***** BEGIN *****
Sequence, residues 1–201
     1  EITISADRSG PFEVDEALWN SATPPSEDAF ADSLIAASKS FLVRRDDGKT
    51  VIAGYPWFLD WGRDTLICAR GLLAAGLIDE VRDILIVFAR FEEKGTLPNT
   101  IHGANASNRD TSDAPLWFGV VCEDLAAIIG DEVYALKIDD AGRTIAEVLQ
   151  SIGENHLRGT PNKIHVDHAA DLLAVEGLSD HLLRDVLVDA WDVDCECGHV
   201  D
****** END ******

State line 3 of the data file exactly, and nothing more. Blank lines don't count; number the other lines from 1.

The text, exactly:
    51  VIAGYPWFLD WGRDTLICAR GLLAAGLIDE VRDILIVFAR FEEKGTLPNT